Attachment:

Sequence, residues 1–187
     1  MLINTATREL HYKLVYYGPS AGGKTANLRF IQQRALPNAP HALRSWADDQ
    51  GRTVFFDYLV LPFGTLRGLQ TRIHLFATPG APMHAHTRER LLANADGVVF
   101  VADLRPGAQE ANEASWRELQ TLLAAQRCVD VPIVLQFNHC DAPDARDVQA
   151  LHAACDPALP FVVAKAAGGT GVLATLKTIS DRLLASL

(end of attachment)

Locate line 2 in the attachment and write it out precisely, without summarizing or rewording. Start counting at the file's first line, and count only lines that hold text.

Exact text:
     1  MLINTATREL HYKLVYYGPS AGGKTANLRF IQQRALPNAP HALRSWADDQ